All this is swirling in my head as I enter the grounds of the Autobahn Country. After topping off at the track’s 220 volt power outlet and answering a barrage of questions from club members and track-day junkies, I grab a helmet and line-up for a few laps.
Now at this point it’s worth noting that I expect to only go out for a couple of laps to be on the safe side. I’ve never driven an electric car in anger much less on a four mile road course. And the Tesla is fast enough to easily get yourself in trouble so I was in the most conservative of moods you could imagine.
And with that I was off in a noiseless whoosh into the first corner. Within two corners I had caught the Z3 M Coupe that was ahead of me. The acceleration off the corners and down the straights was nothing short of phenomenal. Braking was adequate but nothing that gave me supreme confidence (not that I was planning on late braking on my first lap.
Going into the back portion of the four-mile track, I start to stretch the Tesla’s legs a bit and begin feeling the effect of the battery weight. The suspension has clearly been tuned for more comfort than the Elise. And the 739 lbs of batteries give the car more roll than you’d expect. But the Yokohama ultra high performance tires holds on admirably as the weight, the speed and the side-to-side motion all fight for control. In fact the car never feels anything less than predictable and completely transparent in every motion.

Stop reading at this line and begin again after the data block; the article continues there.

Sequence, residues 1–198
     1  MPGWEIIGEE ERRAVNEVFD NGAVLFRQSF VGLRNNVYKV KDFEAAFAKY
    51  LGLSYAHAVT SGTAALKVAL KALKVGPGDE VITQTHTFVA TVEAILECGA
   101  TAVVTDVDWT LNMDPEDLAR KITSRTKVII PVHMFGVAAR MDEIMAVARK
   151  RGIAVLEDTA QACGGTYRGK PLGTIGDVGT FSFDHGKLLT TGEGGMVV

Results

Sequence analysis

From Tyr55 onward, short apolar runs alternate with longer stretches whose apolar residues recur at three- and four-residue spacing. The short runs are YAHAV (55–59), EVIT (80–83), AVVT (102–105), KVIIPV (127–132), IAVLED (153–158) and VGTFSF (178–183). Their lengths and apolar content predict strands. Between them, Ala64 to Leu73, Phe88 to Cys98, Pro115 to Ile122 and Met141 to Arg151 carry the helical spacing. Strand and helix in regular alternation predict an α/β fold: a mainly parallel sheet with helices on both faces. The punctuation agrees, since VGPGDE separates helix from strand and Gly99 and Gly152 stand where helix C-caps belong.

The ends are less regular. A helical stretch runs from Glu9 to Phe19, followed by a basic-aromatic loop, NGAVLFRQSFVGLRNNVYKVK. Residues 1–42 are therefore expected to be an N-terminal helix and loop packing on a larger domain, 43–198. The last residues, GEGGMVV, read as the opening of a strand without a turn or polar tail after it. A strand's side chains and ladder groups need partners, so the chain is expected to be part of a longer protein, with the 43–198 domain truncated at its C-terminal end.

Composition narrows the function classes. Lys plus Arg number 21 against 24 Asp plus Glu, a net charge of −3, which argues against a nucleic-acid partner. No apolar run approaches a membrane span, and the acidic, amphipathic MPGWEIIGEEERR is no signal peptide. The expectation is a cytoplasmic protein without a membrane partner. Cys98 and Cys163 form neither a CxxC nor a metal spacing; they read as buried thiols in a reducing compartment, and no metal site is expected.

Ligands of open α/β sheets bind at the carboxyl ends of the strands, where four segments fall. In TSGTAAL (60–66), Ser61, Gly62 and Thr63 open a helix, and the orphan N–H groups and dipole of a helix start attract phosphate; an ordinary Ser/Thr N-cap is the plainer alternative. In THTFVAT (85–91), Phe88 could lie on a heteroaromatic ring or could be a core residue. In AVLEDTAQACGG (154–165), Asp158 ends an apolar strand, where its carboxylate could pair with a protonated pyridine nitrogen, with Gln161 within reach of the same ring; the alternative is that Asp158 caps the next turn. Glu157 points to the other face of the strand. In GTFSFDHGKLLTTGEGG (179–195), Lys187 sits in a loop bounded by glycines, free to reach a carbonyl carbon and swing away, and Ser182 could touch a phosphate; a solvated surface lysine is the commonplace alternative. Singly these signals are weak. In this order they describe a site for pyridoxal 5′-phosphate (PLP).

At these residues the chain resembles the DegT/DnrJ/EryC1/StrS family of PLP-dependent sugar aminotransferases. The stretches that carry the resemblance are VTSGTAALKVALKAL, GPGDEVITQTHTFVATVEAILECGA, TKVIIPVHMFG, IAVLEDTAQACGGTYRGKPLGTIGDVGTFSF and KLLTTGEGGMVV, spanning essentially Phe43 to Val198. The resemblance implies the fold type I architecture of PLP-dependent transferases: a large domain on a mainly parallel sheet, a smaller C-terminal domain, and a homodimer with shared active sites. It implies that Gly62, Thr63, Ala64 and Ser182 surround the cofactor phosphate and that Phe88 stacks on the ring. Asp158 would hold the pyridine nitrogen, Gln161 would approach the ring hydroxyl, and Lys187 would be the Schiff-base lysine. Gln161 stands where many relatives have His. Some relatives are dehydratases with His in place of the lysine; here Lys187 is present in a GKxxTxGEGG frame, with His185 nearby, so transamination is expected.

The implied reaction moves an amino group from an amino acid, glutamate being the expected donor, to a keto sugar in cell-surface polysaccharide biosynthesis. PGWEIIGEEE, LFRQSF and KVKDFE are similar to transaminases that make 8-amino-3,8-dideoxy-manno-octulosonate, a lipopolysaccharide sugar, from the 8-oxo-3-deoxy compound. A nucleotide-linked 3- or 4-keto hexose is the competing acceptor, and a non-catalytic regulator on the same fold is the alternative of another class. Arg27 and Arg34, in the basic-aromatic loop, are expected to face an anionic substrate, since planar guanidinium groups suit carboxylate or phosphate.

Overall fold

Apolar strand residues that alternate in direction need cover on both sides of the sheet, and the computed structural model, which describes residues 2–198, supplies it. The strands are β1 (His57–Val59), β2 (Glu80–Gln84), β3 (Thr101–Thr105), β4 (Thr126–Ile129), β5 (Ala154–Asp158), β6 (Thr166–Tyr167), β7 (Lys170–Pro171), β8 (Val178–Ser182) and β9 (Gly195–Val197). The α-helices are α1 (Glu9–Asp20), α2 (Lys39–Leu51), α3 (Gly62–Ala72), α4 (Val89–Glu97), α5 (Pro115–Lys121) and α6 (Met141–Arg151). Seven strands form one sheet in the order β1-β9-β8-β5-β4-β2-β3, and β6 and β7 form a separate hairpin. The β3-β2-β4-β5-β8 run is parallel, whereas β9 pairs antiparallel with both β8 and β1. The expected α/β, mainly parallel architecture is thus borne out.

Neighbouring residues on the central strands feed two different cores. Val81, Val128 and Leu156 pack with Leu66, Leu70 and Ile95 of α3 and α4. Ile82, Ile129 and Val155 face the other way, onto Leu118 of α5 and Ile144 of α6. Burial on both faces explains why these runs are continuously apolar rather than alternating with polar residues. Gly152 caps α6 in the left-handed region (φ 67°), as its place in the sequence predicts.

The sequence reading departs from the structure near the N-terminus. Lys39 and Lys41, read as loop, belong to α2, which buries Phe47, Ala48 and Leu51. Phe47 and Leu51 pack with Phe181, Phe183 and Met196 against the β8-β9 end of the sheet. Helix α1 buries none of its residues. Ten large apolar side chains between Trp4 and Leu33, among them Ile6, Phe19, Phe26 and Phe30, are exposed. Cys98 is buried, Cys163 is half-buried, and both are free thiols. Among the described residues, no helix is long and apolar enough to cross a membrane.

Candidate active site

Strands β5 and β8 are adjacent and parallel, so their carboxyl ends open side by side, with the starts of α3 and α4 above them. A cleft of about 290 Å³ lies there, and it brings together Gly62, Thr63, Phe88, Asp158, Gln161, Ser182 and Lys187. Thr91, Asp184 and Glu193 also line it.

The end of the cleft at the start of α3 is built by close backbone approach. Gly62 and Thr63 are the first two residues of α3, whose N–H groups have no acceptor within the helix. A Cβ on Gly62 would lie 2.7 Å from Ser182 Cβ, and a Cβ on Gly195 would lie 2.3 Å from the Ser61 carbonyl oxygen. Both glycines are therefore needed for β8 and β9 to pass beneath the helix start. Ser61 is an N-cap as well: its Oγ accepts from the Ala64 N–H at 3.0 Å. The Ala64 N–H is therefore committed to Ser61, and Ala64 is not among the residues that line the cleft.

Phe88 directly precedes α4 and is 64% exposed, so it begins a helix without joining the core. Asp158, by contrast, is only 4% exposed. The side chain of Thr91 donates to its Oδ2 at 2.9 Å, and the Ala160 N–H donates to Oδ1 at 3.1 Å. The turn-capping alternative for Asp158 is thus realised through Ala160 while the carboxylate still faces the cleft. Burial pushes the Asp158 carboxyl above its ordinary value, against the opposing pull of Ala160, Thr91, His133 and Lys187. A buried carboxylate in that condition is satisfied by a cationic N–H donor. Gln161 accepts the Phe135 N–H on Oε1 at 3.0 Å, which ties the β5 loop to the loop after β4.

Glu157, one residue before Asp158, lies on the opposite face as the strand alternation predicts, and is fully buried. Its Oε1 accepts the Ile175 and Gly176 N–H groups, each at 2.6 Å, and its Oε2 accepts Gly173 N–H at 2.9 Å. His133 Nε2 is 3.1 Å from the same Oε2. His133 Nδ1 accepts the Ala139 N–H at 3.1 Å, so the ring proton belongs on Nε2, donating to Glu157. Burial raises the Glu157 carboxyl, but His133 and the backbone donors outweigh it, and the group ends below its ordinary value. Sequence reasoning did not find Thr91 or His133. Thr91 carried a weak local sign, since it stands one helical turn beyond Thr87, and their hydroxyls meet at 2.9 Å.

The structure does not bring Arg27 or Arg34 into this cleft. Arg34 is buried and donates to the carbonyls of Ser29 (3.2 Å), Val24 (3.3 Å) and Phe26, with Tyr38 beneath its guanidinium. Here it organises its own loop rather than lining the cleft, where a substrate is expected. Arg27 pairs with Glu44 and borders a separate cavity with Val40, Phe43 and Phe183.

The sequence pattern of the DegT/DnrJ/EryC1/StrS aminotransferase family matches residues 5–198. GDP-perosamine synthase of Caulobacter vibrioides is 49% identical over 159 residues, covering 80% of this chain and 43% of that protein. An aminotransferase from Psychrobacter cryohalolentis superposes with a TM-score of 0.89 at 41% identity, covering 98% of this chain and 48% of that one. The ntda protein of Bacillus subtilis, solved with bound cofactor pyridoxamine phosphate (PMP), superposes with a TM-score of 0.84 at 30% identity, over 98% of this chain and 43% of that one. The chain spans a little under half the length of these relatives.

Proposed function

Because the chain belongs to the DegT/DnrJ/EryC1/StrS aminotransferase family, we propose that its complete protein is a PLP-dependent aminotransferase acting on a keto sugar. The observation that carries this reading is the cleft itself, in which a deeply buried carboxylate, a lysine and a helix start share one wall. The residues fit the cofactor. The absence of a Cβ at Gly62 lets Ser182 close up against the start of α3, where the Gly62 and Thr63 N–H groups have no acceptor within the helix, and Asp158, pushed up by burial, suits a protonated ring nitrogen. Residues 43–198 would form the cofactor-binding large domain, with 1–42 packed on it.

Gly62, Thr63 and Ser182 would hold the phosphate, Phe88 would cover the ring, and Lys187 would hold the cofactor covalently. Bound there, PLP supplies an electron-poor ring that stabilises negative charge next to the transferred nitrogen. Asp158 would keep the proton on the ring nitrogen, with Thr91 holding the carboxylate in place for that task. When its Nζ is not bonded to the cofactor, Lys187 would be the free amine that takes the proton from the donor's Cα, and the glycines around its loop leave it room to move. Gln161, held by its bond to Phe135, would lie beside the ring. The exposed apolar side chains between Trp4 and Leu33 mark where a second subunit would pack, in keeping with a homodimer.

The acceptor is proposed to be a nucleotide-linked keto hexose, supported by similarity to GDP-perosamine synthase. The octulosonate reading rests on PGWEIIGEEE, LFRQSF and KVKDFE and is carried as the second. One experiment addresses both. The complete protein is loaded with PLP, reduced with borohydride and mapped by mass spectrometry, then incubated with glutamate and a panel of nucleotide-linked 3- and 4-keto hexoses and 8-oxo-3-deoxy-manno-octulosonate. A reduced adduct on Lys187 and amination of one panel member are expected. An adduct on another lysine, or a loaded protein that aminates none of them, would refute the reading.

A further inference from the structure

Turn in is good but not has quick as an Elise or even as an M3. The rack clearly has been made slower to better manage the dirtiness of the Elise and make the Tesla more approachable by the ordinary socially responsible millionaire.
Traction control on the Tesla is one of the most brilliant bits about the drivetrain. it doesn’t cut power as you lose traction but merely adjusts power output. It’s a seamless way for the car to maintain grip and control and it makes all other system seem nothing less than archaic.
Through all my time on the track there was nothing but the whoosh of air and the sound of the tires working their magic. Driving a Telsa on the track is like listening to the Beatles’ White Album and being able to turn down all the tracks until you just get George Harrison’s lead guitar. The lack of peripheral noise allows you to focus on the tires, chassis and ultimate grip around corners. In my case it also gave me a chance to hear that Ferrari F430 and Porsche GT3 coming up fast from behind (yes the Tesla is fast, but not that fast).